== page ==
ROME, Italy — Politicians and Jewish groups in Italy expressed outrage Monday over a weekend protest in which campaigners opposing the country’s Covid pass dressed up as World War 2 death camp deportees.
Activists opposed to the new pass demonstrated Saturday in Novara, a city in northwest Italy, wearing the vertically striped uniforms of those deported to the Nazi concentration camps.
Some of the costumes also carried numbers, an apparent reference to the identity numbers many death camp inmates had tattooed on their skin.
Demonstrators carried placards denouncing a “dictatorship” and government “blackmail.”
“These are images I would never have thought to see,” wrote Noemi Di Segni, president of the Italian Union of Jewish Communities (Ucei).
They were as stupid and ignorant as they were dangerous, she wrote in Monday’s edition of La Stampa newspaper.
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Describing the protest as an “intolerable outrage,” she dismissed any attempt to characterize it as a demonstration of free speech.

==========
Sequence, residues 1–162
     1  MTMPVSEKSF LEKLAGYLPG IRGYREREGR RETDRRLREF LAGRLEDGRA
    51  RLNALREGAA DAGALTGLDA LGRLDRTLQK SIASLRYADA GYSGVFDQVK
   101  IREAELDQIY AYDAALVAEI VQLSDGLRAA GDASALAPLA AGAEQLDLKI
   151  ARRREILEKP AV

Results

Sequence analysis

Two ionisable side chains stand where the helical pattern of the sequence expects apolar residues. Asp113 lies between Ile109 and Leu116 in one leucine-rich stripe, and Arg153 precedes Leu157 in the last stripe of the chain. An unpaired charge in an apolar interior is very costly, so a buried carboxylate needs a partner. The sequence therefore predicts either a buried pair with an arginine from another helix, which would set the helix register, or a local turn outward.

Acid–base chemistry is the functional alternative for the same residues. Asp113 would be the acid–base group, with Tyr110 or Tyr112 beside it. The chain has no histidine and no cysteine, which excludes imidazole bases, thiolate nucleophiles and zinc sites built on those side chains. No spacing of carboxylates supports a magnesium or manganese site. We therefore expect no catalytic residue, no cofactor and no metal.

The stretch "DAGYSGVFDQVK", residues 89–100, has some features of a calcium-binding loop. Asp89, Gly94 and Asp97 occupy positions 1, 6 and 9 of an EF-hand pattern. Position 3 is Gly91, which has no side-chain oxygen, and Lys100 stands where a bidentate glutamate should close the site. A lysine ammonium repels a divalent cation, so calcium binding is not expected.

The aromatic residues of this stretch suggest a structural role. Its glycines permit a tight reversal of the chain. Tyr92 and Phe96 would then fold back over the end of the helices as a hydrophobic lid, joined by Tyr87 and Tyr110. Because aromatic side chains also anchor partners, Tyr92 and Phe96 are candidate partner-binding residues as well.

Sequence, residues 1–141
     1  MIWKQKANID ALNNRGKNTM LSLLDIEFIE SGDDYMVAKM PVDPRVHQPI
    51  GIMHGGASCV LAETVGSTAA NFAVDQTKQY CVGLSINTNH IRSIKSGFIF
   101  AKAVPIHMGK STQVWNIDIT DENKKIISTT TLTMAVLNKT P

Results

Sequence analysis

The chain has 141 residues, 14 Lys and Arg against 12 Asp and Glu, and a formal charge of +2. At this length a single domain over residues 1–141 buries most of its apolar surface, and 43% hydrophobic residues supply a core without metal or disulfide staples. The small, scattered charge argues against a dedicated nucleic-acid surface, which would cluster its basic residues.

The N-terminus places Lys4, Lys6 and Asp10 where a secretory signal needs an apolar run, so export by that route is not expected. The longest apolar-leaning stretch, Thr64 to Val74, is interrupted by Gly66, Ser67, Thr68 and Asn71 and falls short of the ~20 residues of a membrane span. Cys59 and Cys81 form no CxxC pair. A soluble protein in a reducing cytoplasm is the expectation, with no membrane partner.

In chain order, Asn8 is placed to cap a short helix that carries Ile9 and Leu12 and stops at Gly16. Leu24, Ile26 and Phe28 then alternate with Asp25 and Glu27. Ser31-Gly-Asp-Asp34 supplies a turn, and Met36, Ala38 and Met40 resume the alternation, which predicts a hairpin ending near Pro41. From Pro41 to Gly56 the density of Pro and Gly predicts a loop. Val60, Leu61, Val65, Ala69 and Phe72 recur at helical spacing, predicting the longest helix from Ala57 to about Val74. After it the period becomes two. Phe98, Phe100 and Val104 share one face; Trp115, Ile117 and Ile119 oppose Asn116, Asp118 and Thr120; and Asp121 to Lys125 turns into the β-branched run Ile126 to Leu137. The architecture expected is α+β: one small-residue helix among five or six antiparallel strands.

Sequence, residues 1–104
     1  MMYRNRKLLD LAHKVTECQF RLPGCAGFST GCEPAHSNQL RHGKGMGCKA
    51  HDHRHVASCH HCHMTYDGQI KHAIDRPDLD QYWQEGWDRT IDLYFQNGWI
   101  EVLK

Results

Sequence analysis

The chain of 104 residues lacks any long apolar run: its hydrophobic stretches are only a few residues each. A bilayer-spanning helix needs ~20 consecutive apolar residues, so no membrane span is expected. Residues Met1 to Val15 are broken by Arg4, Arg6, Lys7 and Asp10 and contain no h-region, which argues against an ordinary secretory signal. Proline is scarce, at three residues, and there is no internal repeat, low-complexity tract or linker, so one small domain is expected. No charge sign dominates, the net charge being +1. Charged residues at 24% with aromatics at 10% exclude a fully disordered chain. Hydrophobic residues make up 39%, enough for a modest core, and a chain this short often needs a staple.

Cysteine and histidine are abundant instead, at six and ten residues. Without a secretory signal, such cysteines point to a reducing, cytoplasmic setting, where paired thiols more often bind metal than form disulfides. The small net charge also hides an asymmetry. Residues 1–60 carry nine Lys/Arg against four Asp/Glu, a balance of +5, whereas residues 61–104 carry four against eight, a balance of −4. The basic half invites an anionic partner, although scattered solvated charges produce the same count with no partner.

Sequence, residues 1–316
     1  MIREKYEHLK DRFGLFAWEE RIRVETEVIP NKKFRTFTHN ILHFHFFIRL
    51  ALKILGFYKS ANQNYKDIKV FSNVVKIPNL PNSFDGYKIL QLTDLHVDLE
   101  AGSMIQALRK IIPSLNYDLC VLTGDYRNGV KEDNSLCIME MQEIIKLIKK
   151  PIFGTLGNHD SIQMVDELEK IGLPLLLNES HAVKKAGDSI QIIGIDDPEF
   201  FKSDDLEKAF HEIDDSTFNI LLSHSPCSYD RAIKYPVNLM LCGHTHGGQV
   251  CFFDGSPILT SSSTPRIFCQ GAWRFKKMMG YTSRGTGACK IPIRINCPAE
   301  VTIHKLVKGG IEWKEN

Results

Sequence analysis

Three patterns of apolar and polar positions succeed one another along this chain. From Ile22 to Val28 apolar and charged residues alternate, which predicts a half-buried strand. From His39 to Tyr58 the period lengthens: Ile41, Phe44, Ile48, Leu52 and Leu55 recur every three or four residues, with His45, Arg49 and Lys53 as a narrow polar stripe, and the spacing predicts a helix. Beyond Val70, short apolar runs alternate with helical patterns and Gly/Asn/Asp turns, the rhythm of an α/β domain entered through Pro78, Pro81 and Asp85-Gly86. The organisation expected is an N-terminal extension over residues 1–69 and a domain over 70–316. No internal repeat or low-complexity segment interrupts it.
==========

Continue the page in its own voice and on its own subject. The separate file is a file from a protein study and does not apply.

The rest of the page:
Health Minister Roberto Speranza said he was “shocked by these people referring to the concentration camps.”
The mayor of Novara, Alessandro Canelli, a member of Matteo Salvini’s far-right League party, also condemned the stunt.
“To compare an ideological position on a vaccine or a health pass to the most tragic page of our history and to people who were deported, humiliated, tortured and killed is quite simply shameful,” he said.
“They couldn’t have chosen a worse way to express a position on which one can be more or less in agreement,” he added.
Saturday’s demonstration was just the latest in a series of protests against the latest version of the health pass introduced in Italy last month.
The so-called green pass is available to anyone who has been vaccinated, has recently recovered from Covid-19 or has recently obtained a negative test.
Its opponents have denounced it as an attack on individual liberty, especially since October 15, when the government made it a requirement for access to the workplace.
Italy was the first country in Europe to feel the full force of the Covid-19 pandemic when it arrived in February 2019.
To date, more than 130,000 people have died of the virus there, but nearly 83 percent of people over 12 have now been vaccinated.